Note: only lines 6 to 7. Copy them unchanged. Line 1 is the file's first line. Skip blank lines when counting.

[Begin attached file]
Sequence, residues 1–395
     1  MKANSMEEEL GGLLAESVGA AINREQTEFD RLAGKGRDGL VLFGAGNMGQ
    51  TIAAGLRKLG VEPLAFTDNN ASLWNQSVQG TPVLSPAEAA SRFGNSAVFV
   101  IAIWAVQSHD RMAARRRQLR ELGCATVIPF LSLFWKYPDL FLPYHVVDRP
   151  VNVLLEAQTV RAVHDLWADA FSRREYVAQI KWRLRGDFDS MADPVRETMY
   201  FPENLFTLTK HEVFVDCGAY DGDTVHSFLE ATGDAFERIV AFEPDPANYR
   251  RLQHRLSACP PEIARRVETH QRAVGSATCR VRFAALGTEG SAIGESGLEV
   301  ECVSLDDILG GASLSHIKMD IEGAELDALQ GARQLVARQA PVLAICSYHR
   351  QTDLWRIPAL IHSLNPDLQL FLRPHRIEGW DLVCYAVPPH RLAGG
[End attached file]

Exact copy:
   201  FPENLFTLTK HEVFVDCGAY DGDTVHSFLE ATGDAFERIV AFEPDPANYR
   251  RLQHRLSACP PEIARRVETH QRAVGSATCR VRFAALGTEG SAIGESGLEV